Skip to main content

Hitachi has gained FDA clearance for its RGPT systems

Proton Beam (Getty Images)

Hitachi and Hokkaido University have announced that it has recently received US Food & Drug Administration (FDA) 510(k) clearance for the commercialisation of “Real Time Image Gating System for Proton Beam Therapy Systems” (RGPT)

The system will allow patients in the US to be treated with cutting-edge motion management, together with its advanced Spot Scanning irradiation technology.

Proton therapy is a type of radiation used to treat cancer in which protons from a hydrogen atom are extracted and accelerated up to 60 times the speed of light. Its energy is concentrated directly on the tumour while avoiding radiation dose to the surrounding healthy tissues.

Patients experience no pain during treatment and the procedure has very few side effects compared with that of traditional radiotherapy.

In most cases, patients can continue with their normal daily activities while undergoing treatment, thus maintaining their quality of life. For these reasons, demand for this type of cutting-edge irradiation therapy continues to grow around the world.

In 2010, a grant under the Funding Program for World-Leading Innovative R&D on Science and Technology (the “FIRST Program”) sponsored by the Japanese government was awarded to the project between Hitachi and Hokkaido University to jointly develop an advanced technology to treat moving targets with proton beam therapy.

By 2014, RGPT and the advanced irradiation technology of Spot Scanning were integrated into Hitachi’s system for the first time.  Spot Scanning irradiation technology does not scatter proton beams as with conventional proton beam therapy. Rather, it repeatedly turns a narrow proton beam on and off at high speed as it progressively changes location to irradiate entire tumor volumes. Protons can be aimed with high precision according to the targeted tumors, even those with complex shapes, while minimizing the impact on nearby healthy tissue.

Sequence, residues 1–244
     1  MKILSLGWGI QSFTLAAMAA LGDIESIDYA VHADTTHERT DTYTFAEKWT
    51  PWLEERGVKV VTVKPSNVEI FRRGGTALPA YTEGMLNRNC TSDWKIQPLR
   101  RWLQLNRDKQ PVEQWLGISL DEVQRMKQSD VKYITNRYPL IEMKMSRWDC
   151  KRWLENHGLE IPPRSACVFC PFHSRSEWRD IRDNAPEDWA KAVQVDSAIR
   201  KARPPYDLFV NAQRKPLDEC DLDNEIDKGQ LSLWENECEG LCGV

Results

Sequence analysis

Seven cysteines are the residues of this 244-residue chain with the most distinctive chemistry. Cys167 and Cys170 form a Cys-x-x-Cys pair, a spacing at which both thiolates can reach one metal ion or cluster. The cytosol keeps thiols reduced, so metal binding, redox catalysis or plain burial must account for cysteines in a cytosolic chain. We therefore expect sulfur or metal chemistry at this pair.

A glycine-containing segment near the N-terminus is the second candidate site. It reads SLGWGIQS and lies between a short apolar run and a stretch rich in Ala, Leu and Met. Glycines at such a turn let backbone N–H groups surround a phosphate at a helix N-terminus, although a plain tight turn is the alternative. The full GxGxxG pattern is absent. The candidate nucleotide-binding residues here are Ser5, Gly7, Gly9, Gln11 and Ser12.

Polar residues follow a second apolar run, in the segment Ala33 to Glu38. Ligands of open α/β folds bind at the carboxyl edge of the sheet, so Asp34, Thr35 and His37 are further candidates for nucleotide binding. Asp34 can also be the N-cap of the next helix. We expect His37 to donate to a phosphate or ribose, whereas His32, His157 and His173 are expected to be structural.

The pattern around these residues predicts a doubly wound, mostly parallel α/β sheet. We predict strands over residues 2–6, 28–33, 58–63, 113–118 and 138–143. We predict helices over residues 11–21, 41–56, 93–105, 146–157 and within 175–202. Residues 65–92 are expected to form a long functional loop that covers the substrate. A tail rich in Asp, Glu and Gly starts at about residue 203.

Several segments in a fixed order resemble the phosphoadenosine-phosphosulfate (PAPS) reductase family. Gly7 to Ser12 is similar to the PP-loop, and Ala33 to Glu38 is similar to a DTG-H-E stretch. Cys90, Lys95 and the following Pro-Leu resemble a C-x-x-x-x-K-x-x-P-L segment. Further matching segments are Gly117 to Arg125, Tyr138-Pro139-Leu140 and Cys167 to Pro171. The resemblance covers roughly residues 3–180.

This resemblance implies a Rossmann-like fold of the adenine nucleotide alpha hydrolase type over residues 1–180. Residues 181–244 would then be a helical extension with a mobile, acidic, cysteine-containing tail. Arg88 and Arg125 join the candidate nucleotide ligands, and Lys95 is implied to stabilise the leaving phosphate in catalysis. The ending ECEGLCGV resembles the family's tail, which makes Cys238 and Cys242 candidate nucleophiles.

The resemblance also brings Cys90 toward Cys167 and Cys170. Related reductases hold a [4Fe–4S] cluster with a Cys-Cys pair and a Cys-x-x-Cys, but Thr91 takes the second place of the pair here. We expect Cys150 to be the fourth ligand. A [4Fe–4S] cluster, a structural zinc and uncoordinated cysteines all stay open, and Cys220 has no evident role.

See also

Conventional motion management simply tracks the surface of the patient’s body and irradiates with the proton beam based on a predetermined timing. By tracking the location of gold markers placed near the tumor with X-rays, RGPT is able to irradiate the targeted tumor while in motion and with greater accuracy with a proton beam.

Hitachi received clearance from Japan’s Pharmaceuticals Medical Device Administration for its Proton Beam Therapy system equipped with RGPT in 2014. Jointly developed with Hokkaido University Hospital and its Clinical Research and Medical Innovation Center, RGPT has been used in approximately 70% of patients treated in the past three years at the hospital.

RGPT has been highly acclaimed and has been awarded the Imperial Invention Prize of 2017 – an honour bestowed by the Japan Institute of Invention and Innovation for the most outstanding inventions.

 Dr. Hiroki Shirato, Director of Hokkaido University Hospital’s Research Group with which Hitachi conducted the joint development, stated, “Hokkaido University has been developing motion tracking technology in the field of X-ray therapy.

By combining this technology with Spot Scanning technology, the accurate irradiation of tumors, including those attached to large organs in motion which are difficult to irradiate with X-rays, will be possible and will lead to greater adaptation. I am very pleased that this innovation for highly precise irradiation will become broadly available around the world.”

With this FDA clearance, Hitachi will move forward with plans to install RGPT at facilities under construction in the United States.

Facebook Conversations

 

banner-ads